Someone asked in one of Sandra's talks about sarcasm, and why a sarcastic attitude and joking might be harmful.
For me, it comes down to whether or not I can trust the words coming out of a person's mouth. Sarcasm isn't (qualifier: most often isn't) honest. It's often the opposite of the truth. Dad puts bikes away after finding them in the driveway. Mom asks later, "Oh, did you put the bikes away? I saw they weren't in the driveway." Dad, who thinks the kids should have put the bikes away, and is frustrated with things at work and tired: "No-o-o-o. The bike fairy must have done it, like the kids obviously think happens."
It isn't true. And it's hurtful. And it indicates some things left unsaid.
(There are lots of considerations in that scenario, but I'm focusing on the sarcasm part for now.)
Any amount of untrue words you say erodes trust. It's not an equivalent ratio: if you speak untruthfully 7% of the time, people don't trust you 93%; they will likely trust you close to zero.
Trust is a vital foundation to building an unschooling home. If kids can't trust that what their parents are saying is true, their foundation is shaky, perilous. That affects their ability to learn, and harms the relationship they have with the world (and their parents).
Why bring a negative force into the home?
If you're used to sarcasm and other lying, it might take practice to learn to speak honestly. It can feel vulnerable and risky. It is worth it. You'll soon be able to feel if what you are about to say is true - really true - and you'll develop the ability to stop, breathe, and change what you're saying if needed.
I was thinking about this, because in another of Sandra's talks she said that a step above thoughts of suicide isn't enough. That if you're depressed or tend toward depression, seek help and shift your thinking and step away from negativity until (she did not put it this way, it's how I saw it) your life is sparkly. More than just-not-suicidal.
This conference is one of a few places I have shared about living with depression and anxiety. It has been important for me to feel my own true way out of it, and because people care and want to be helpful, if I shared about it more openly, I would get many unsolicited ideas and tips and recommendations - even if I said I don't want those things. I can get overwhelmed easily, and I didn't want to muddy my thinking and way-seeking, so I've spoken (or written) in only a few places about it.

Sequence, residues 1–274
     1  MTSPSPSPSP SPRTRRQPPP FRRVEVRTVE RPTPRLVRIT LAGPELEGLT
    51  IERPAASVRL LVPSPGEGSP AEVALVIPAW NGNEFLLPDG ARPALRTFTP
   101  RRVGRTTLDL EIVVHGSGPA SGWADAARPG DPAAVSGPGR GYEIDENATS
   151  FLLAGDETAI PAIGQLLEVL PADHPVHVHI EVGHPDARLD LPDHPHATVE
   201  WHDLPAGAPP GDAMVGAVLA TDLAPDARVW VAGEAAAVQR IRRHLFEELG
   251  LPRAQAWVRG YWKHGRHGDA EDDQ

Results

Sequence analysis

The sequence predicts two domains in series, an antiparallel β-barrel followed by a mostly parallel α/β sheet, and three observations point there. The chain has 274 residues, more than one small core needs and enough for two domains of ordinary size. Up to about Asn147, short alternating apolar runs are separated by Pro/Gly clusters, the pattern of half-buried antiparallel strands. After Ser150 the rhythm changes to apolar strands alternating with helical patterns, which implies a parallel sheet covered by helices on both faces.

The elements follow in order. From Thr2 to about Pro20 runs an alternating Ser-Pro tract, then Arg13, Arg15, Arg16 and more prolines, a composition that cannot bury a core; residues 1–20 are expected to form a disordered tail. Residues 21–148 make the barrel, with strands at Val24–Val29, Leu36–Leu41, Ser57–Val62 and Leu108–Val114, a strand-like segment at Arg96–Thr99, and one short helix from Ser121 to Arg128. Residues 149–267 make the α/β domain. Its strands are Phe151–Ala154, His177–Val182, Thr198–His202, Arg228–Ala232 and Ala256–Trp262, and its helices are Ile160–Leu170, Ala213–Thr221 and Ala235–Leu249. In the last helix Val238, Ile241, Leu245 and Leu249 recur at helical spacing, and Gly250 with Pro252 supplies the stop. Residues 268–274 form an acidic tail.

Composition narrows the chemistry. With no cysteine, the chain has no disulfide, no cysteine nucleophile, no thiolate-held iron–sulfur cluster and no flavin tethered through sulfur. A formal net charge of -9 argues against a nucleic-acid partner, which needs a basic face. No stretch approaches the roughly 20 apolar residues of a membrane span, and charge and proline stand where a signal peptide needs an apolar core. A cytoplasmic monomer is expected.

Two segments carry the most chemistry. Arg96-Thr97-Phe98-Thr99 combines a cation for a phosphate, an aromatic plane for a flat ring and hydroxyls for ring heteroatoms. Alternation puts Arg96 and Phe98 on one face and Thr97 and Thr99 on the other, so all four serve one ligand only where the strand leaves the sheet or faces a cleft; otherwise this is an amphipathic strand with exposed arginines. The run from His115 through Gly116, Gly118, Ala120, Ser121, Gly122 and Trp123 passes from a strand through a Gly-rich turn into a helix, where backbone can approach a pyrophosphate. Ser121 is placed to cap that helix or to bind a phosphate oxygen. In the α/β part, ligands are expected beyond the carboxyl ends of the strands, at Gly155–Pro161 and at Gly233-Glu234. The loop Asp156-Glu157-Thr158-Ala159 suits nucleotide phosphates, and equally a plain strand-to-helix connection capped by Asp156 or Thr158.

I am not suicidal at all, and am many steps away from that, but... my life has not been sparkly. I spoke about how practicing mindfulness and meditation has brought some light into my darkness, as has focusing on positivity and good, so currently, living with my depression is very much better than it has been at other times.
I'm seeking other help because a dear friend in Charlotte, after hearing me talk about how it's not debilitating, said, "Oh, I so wish for so much more for you."
Oh. Maybe I can wish for more for me, too. So I've been seeking other avenues out. Or, a road, or even a small path, a single step. Out.
And when Sandra said there are levels of depression, and just better than very down isn't good enough for an unschooling home, it renewed my determination to get even better. You know why?
Because Sandra Dodd is honest. The words that come out of her mouth are true. In my experience, over many years of reading her words and listening to her talks, they are true 100% of the time. Maybe, on an off day or if she's tired or frustrated, she might be sarcastic. I've never experienced that. (and I say that only because I presume she's human and sometimes isn't perfect) And because she's honest, I trust her.
So all this was swirling in my head, and now it's out, and I can go back to sleep. It's both a warning against sarcasm and dishonesty, and an appreciation for Sandra.